When and how is the trustee paid?

The trustee receives compensation from the trust assets, and not the grantor directly. Trustees might be paid on an annual, biannual, or even quarterly basis, and it could depend on the accounting schedule. It’s part of the trustee’s job to keep a log of their hours managing the trust and a thorough accounting of the trust’s activities.

Learn more about when the trustee can withdraw money from the trust.

When the court determines trustee fees

The trustor, or person who creates the trust, should specify the fees in the terms of trust agreement. However, it’s possible that the trustor forgets to designate the fee, or they indicate that the trustee should receive “reasonable compensation.” In this case, the court can step in to determine the trustee fees, including what’s considered reasonable, which may be based on the following:

  • The gross value of trust’s assets

  • Transactions associated with moving funds in and out of the trust

  • How much time was devoted to performing trust duties

  • Whether the trustee met the goals of the trust (like distributing assets or growing investments as specified by the trust document)

  • State and local law

 Here are a few other instances when the court can get involved:

There is a dispute

Beneficiaries can petition the court if they are dissatisfied with the trustee’s job and believe that the trustee has failed to follow its terms. The court may reassess and reduce the trustee’s compensation, and if the trustee misused or even stole the funds the beneficiary has the right to sue for losses.

Learn more about the rights of a trust beneficiary.

The trustee does extra work

Trustees can petition the court if they feel that they have performed difficult work beyond routine management or what’s laid out in the trust. They may be able to receive greater compensation (“extraordinary fees”) for handling “extraordinary work,” which includes handling litigation or business transactions, and they must provide records for the court.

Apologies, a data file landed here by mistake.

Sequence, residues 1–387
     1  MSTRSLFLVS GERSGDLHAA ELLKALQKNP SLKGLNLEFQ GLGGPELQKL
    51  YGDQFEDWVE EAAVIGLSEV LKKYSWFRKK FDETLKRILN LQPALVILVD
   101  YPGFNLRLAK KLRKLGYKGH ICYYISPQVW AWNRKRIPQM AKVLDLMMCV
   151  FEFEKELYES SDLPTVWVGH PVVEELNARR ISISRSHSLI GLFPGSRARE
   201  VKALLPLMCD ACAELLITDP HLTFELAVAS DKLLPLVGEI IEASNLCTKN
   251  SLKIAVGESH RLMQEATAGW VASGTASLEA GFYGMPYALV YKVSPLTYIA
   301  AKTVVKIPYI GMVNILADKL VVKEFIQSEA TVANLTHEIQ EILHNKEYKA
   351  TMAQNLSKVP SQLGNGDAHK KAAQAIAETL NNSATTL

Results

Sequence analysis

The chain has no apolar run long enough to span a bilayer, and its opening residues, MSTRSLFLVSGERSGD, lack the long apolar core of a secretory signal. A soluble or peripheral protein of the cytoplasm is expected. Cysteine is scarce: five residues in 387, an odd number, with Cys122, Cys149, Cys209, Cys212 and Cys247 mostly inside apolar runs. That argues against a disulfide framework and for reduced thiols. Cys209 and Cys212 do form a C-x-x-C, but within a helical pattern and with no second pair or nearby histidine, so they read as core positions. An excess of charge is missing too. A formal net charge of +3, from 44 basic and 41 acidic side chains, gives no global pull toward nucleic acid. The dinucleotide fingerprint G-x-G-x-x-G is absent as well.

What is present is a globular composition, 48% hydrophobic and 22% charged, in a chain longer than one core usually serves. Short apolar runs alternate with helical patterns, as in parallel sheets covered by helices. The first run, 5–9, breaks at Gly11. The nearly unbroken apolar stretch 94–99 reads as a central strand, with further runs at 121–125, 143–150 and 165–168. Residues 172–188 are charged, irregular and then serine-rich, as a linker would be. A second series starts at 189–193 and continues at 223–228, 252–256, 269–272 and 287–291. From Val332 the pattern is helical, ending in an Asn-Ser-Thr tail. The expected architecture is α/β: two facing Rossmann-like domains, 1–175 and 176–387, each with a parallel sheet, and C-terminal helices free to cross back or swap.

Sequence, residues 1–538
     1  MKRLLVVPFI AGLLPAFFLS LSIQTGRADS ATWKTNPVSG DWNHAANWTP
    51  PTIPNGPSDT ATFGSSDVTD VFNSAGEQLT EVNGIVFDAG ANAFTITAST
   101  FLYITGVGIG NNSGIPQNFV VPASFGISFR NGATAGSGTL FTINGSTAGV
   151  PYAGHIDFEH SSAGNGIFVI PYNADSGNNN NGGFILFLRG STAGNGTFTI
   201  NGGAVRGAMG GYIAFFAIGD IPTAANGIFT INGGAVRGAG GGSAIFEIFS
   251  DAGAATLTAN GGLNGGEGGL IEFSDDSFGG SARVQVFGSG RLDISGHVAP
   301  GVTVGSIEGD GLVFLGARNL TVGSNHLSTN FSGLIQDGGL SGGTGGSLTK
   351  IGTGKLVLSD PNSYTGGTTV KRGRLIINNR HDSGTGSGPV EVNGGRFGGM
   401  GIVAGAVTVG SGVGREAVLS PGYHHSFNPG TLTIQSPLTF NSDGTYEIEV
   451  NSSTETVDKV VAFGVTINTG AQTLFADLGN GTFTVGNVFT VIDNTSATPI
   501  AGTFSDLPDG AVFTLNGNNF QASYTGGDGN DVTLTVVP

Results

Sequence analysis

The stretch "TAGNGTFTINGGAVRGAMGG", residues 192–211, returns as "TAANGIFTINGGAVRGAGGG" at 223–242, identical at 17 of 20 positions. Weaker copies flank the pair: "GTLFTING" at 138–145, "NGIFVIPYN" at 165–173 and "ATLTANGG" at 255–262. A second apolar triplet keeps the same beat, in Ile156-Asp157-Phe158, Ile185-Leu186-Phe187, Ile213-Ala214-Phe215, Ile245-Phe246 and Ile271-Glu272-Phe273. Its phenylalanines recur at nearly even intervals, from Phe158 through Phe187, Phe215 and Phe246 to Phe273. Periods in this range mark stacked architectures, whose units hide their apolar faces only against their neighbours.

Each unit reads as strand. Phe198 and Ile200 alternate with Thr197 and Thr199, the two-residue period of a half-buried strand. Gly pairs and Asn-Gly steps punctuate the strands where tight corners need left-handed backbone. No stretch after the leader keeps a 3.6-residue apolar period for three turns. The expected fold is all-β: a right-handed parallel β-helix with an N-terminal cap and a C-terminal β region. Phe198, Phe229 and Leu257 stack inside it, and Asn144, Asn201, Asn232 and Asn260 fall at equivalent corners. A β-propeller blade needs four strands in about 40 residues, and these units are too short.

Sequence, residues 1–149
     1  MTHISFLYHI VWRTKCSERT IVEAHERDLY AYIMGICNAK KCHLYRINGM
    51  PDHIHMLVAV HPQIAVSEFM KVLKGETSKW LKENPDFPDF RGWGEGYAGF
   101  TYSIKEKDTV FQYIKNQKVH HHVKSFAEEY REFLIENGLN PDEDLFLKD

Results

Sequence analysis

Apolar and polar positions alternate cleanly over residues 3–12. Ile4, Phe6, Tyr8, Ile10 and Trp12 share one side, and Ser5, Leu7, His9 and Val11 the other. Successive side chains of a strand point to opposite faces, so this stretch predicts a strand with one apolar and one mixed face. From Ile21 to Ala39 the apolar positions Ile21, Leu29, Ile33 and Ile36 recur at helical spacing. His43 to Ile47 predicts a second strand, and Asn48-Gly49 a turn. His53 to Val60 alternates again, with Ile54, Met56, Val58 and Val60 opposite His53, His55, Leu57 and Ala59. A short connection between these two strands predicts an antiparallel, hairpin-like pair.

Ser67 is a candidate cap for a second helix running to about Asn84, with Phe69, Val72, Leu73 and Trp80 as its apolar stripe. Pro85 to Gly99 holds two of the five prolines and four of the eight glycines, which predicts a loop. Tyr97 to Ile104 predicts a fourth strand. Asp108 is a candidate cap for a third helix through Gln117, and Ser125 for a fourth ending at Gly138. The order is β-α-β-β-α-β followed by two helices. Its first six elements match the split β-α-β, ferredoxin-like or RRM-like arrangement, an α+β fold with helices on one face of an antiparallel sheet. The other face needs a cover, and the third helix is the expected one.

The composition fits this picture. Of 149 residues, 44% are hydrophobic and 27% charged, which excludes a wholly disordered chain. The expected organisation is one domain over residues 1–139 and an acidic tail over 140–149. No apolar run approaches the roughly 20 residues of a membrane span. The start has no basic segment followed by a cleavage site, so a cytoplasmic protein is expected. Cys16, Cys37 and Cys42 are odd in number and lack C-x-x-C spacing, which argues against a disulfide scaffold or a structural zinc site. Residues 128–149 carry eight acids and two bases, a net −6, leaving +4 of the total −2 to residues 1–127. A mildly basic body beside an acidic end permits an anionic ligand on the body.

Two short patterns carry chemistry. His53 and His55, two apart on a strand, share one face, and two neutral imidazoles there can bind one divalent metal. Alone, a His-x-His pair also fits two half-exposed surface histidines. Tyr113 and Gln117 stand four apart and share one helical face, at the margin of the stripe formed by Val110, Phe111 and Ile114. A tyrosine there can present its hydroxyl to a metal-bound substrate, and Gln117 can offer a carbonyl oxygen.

Trustee compensation and taxes

If you’re a trustee, you will have to pay income tax on any fees you are paid for your services. Trustees that are beneficiaries can choose to waive their compensation. A parent may open a revocable living trust to pass along an inheritance to their child and name the child as the successor trustee to take over managing the trust when they die. Receiving assets as an inheritance may not require any taxes to be paid, depending on the structure of the trust.

Read more related articles here:

 Trustee Compensation

The 2021 Florida Statutes-Trustee Compensation

Also, read one of our previous Blogs at:

Successor Trustee: Duties, Powers and More

Click here to check out our On Demand Video about Estate Planning.

Click here for a short informative video from our own Attorney Bill O’Leary.

 

Estate Battle with Millions at Stake in New Orleans

Estate Battle with Millions at Stake in New Orleans

Jessica Fussell Brandt filed an eviction petition against her daughter, Julie Hartline, her son-in-law Darryl Hartline and two grandchildren, Alexis and Zachary Hartline. She is pitted against them in a legal fight over an estate valued at more than $300 million, reports nola.com in the article “In Ray Brandt estate battle, widow tries to evict family from Old Metairie compound.”